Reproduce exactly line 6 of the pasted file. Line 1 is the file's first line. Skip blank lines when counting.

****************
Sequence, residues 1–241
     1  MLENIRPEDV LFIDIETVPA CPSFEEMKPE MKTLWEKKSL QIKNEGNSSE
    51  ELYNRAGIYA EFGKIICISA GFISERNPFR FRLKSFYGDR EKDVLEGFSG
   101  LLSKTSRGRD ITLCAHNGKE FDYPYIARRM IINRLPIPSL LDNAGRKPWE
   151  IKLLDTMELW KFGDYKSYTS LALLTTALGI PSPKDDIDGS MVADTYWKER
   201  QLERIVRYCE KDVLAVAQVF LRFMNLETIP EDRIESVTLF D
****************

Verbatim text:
   201  QLERIVRYCE KDVLAVAQVF LRFMNLETIP EDRIESVTLF D